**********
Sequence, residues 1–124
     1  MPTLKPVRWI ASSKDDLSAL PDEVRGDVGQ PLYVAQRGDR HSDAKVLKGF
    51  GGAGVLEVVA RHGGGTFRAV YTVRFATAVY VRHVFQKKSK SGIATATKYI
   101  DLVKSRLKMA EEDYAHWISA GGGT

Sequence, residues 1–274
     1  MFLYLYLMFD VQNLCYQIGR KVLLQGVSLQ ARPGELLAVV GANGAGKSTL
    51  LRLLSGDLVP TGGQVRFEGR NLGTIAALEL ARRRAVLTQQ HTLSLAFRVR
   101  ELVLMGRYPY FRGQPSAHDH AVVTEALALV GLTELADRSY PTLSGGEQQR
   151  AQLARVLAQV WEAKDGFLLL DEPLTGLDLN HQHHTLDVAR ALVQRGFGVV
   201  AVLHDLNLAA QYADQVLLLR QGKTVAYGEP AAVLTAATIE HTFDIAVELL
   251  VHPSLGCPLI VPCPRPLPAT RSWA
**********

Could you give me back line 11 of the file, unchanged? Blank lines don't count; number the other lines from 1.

   251  VHPSLGCPLI VPCPRPLPAT RSWA